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Jay D. Rosenbaum

Partner and International Private Clients Team Leader  |  Nixon Peabody LLP

United States (MA, NY)


Personal and estate planning
Administration of estates and trusts

Enhanced Q&A

What has been the highlight of your practice over the past 12 months?

A highlight for me this past year has been the deepening of relationships with the next generations of my client families. It has been a strategic priority for me to expand my relationships beyond the patriarchs and matriarchs I have traditionally advised, and the results have been very gratifying, not just in expanding business relationships but in developing new friendships as well.

How did you get into private client?

I began my career at a much smaller firm. I was the first summer associate ever hired by the firm and the first attorney that they hired out of school. In Boston in the 1980s/90s there was a lot of high-powered corporate work being done by the middle market firms. I was hired to do this type of work, working with privately held businesses on the edge of the first tech boom. I got involved doing VC deals and IPOs. I was spending a lot of time with the families and hearing what was not being paid attention to – their family work. I enjoyed the conversations and realised that there was more work to be done. I later moved into the private client work full time.

What advice would you give rising stars/new lawyers in the private client world?

Get out and meet everybody. Technical expertise is assumed by every client and potential client. Where you will distinguish yourself is through your Rolodex (if such a thing still exists!) or contact list.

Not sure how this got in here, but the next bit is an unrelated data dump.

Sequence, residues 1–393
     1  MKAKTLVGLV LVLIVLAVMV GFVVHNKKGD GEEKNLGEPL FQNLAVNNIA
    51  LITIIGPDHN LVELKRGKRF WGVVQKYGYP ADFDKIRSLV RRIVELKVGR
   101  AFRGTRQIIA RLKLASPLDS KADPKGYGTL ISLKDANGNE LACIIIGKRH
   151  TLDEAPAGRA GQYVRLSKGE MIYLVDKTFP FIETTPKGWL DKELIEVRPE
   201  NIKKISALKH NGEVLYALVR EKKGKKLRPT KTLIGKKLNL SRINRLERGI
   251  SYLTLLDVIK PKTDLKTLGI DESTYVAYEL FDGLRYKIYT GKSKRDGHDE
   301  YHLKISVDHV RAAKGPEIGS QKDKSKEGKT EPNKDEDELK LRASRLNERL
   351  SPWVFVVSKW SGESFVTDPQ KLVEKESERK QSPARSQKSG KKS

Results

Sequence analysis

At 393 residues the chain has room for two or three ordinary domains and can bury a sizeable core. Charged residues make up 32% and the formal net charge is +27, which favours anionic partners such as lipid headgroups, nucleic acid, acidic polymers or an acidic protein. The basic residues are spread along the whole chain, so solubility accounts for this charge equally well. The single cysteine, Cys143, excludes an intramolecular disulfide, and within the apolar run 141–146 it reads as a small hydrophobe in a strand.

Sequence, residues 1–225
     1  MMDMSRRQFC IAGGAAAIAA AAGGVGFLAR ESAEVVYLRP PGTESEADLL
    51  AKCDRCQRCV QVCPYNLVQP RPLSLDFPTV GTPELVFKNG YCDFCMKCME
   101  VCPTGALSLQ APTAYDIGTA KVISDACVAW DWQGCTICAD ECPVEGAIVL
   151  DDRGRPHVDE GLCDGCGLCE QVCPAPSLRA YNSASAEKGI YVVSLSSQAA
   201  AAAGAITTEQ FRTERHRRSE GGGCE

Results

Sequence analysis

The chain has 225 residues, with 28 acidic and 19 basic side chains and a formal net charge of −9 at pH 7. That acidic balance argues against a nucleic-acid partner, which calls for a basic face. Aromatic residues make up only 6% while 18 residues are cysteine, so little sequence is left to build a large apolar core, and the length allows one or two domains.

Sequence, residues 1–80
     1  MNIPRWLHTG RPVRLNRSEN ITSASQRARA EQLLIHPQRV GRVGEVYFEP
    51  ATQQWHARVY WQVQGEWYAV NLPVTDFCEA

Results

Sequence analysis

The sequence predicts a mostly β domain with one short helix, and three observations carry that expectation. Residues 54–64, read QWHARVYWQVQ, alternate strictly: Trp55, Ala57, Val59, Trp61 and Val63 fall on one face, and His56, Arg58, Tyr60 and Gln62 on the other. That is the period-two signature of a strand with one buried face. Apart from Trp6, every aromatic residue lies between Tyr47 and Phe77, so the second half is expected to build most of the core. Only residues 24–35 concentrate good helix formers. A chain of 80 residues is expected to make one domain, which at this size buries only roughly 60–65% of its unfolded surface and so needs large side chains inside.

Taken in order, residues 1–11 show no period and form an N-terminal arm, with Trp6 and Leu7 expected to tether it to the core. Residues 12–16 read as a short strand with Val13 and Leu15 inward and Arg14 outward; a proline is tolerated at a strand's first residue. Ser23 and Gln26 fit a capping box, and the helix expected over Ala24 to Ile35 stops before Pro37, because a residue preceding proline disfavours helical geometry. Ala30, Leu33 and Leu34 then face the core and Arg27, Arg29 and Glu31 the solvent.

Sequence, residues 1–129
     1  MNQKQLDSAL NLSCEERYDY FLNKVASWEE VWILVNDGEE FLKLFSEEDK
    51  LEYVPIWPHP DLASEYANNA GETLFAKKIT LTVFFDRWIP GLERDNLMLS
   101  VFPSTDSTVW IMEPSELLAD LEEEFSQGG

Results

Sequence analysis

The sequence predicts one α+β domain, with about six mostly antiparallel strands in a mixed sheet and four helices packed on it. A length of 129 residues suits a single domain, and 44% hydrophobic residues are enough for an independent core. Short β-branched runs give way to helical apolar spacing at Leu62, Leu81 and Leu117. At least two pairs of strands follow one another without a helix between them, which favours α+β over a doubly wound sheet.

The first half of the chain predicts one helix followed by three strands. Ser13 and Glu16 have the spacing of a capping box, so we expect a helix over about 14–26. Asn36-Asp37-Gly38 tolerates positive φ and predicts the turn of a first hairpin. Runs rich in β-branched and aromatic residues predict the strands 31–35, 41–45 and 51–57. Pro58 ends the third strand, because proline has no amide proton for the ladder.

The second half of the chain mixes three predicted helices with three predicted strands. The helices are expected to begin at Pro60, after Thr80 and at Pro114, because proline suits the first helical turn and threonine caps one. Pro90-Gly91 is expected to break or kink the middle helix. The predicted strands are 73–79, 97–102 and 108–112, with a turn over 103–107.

What is your favourite quote?

Having been locked up at home for the better part of the past year, a sentence I read in A Traveler at the Gates of Wisdom, a novel I read a few weeks ago, resonates: “When brothers are reunited, it goes against God and nature for either of them to retire to bed sober!” I look forward to reuniting with friends, colleagues and clients around the world – my brothers and sisters in so many ways – and putting this to the test.

Do you have any outside interests or hobbies?

I spend quite a lot of time with charitable boards. Right now the bulk of my philanthropic time is devoted to a vocational training and workforce development organisation in Massachusetts that focuses on helping refugees and immigrants to learn English so they can enter the workforce improve their employment generally. Our retraining skills are being applied as well to help the broader population get back to work on what we are hoping will be the back end of the Covid crisis. Beyond that I am busy keeping fit and of course enjoying my family!

Where have you seen growth in your practice over the last year?

Surprisingly, the primary driver of growth in my practice was precisely as I predicted pre Covid: inbound investment in the US. I suppose in retrospect the “flight to safety” during stressful times – even when those of us in the US might not feel like everything is on track – should not be a surprise. That combined with many families’ existing plans being implemented as expected led to a very busy year.

What is the main area of growth you predict for the next 12 months?

I think the coming year will be busy for many of the same reasons last year was, especially as (hopefully!) the world opens up and people can begin to travel again. We are already seeing signs of significant new overseas investment in US property, perhaps reflecting a belief that depressed values in some metropolitan areas are poised to recover as people feel more comfortable living in cities. I am working as well with a number of families to establish US bases of operations for their businesses in the US, and to help family members settle in the US. I expect to see more and more of this work in the coming months, too.

What advice would you give to your younger self?

Lighten up! That guy was so serious sometimes.